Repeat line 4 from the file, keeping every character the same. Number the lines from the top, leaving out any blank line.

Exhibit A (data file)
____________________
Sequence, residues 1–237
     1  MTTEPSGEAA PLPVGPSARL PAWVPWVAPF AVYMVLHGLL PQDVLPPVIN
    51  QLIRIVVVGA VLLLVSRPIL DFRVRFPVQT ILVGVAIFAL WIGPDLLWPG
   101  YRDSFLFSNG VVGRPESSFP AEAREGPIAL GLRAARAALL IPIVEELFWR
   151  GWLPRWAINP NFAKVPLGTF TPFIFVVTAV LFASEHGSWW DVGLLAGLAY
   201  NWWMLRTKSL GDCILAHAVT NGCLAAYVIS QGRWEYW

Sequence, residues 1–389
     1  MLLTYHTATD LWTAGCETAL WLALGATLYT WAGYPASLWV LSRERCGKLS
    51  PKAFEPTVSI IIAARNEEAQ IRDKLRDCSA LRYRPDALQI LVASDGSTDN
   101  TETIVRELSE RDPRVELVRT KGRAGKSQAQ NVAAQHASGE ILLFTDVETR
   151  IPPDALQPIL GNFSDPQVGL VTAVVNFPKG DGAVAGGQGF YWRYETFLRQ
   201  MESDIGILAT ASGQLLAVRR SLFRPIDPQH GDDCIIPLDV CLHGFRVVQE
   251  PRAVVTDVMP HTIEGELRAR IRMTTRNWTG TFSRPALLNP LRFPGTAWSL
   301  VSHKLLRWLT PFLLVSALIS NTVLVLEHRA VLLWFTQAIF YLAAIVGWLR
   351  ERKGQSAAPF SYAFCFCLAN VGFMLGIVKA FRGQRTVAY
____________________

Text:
   101  YRDSFLFSNG VVGRPESSFP AEAREGPIAL GLRAARAALL IPIVEELFWR